CLAPPER: Well, I don't know that the visit will have any impact on -- it would be wonderful if it did. But I don't think there's going to be impact on locating the hostages, which is the key piece of intelligence information, you need. Sounds like an obvious point.

But you can't rescue a hostage, if you don't know where they are. And I suspect these hostages are underground and widely dispersed. And I also would suspect, there's precious little intelligence, on their location. Obviously, the intelligence community, both ours and Israelis, will be poring over this video, for any clues, the slightest clues of suggestions, as to location.

I think, in this regard, though, the President's visit is also a message, to the families of the hostages. I think it also reinforces and underscores his commitment to freeing them.

COLLINS: Yes. And he's certainly said that's a big priority.

Anderson Cooper, Director James Clapper, thank you both, for joining me, tonight.

Meanwhile, as Hamas is releasing this first video, of a hostage, that it captured, which I should note, we are not sharing for obvious reasons. We are not playing that video. We just showed you Mia Schem. That is the young woman, who is featured, in that video. And you heard from her family, what they told, that video meant to them, what they said to Anderson.

But families, across the globe, tonight, they're still desperate, for any news, about their loved ones who have been taken hostage.


And that includes the family of Judith Raanan, and her 17-year-old daughter, Natalie. They live in Evanston, Illinois. But they were in Israel. They were celebrating the 85th birthday, of Judith's mother, along with the Jewish holiday, Simchat Torah, when they were taken by Hamas.

Their family tells us, tonight, and this is a statement from them. They say, "We pray and hope that Judith and Natalie are well and healthy, kept captive together, and keep each other safe. We are people of peace; we seek the wellbeing of all people and denounce violence of any kind to any human being."

I'm joined now, tonight, by Judith and Natalie's Rabbi, Meir Hecht.

Thank you so much, Rabbi, for being here.

I mean, when you hear this breaking news, that President Biden is going to visit Israel, on Wednesday, I mean, does it make you -- does it give you more hope that Judith and Natalie can potentially be brought home?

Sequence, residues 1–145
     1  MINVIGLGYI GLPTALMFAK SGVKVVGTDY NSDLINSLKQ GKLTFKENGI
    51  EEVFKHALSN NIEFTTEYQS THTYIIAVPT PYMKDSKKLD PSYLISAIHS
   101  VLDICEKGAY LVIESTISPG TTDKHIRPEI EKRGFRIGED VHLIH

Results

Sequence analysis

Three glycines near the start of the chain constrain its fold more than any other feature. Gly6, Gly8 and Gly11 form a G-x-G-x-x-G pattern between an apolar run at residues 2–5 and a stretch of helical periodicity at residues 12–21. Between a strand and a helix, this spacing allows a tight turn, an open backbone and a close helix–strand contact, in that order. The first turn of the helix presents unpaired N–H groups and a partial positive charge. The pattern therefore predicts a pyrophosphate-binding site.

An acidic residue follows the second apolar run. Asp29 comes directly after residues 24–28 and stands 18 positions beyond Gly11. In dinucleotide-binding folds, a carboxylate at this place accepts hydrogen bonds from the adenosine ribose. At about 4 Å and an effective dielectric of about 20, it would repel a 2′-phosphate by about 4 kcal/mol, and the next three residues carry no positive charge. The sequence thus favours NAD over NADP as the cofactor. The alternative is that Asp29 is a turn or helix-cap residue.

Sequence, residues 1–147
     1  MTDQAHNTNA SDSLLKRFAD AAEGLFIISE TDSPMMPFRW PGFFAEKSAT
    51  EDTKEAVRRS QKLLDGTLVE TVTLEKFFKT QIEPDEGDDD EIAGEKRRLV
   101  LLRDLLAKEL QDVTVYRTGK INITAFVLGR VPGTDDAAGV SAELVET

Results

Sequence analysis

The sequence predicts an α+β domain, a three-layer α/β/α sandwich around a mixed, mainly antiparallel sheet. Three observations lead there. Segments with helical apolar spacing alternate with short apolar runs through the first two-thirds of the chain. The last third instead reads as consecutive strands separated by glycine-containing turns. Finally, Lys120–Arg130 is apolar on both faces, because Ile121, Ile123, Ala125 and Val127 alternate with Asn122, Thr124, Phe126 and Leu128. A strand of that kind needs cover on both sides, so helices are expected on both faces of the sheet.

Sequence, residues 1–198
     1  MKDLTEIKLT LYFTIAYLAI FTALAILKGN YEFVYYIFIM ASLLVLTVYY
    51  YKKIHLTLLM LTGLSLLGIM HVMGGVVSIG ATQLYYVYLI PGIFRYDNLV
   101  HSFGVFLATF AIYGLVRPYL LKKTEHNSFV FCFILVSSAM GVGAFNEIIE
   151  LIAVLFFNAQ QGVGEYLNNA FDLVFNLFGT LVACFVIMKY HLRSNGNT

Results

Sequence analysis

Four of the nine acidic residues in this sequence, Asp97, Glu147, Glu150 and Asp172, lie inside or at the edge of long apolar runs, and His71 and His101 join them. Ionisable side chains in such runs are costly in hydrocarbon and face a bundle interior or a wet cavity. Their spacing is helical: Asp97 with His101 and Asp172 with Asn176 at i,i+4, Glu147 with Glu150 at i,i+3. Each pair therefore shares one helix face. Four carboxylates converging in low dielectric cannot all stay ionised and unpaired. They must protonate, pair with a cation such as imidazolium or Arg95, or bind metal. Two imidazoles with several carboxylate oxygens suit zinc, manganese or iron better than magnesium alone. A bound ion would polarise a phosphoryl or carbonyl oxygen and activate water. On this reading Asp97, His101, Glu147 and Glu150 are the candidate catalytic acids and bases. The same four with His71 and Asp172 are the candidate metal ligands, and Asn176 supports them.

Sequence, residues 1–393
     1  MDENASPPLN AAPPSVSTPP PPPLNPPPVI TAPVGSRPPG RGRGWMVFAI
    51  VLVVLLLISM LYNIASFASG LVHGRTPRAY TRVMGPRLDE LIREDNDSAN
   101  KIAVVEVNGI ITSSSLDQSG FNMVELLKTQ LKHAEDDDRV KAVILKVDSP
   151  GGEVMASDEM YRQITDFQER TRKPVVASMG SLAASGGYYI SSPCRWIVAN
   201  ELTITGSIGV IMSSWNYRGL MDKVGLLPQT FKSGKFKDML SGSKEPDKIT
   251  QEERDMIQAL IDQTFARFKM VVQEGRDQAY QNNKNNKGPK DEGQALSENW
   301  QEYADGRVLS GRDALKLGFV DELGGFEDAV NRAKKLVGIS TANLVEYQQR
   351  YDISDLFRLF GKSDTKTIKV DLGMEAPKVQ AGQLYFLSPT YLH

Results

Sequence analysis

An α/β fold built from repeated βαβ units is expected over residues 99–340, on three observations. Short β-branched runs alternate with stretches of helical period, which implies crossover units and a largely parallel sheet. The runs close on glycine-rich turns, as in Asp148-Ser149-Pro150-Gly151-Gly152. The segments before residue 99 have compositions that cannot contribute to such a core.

It's definitely reassuring that the United States is so supportive, of Israel's right, to defend itself, and of the need, to rescue all these hostages. And of course, it's reassuring that the President is making a special trip to Israel.

I want to share, if you give me a moment, a little bit about Judith and Natalie. We are a synagogue, a small synagogue, in Evanston, Illinois.

Judith is one of our congregants. She would come to our congregation, every single Shabbos -- Sabbath, and spend time with the community, and hold our baby, in her hands, and parade around the house, with this glee, and joy, of just being part of a beautiful community, and part of our family.

And we are devastated, to be honest. I'm holding right in my hands, right here, a prayer book that is pink, because Judith came -- wanted to bring a gift for my 7-year-old daughter. And right before she left to Israel, she dropped off this pink prayer book. And in it, she inscribed a little note that states that "This is for your daughter, Hannah (ph), with love from both of us, Judith, and Natalie."

The fact that someone, who lives next door to us, and is a part of our community, is a hostage, in Israel, makes the devastation, and the pain, and the grief, that all Jews around the world are feeling, that much more real, and brings it home, in a way --


HECHT: -- that is so much more a part of our life here, even though we're on the other side of the world, in the United States.

COLLINS: Yes. And I know, Rabbi, I mean, you've been talking to Judith, and Natalie's family. How are they holding up? What have you heard from them lately?

HECHT: You could imagine that this is beyond devastation for them. This is news that they have to process, day by day. But more important than that, they're doing everything that they can, to try and bring their family members, their daughter, and daughter's mother back home.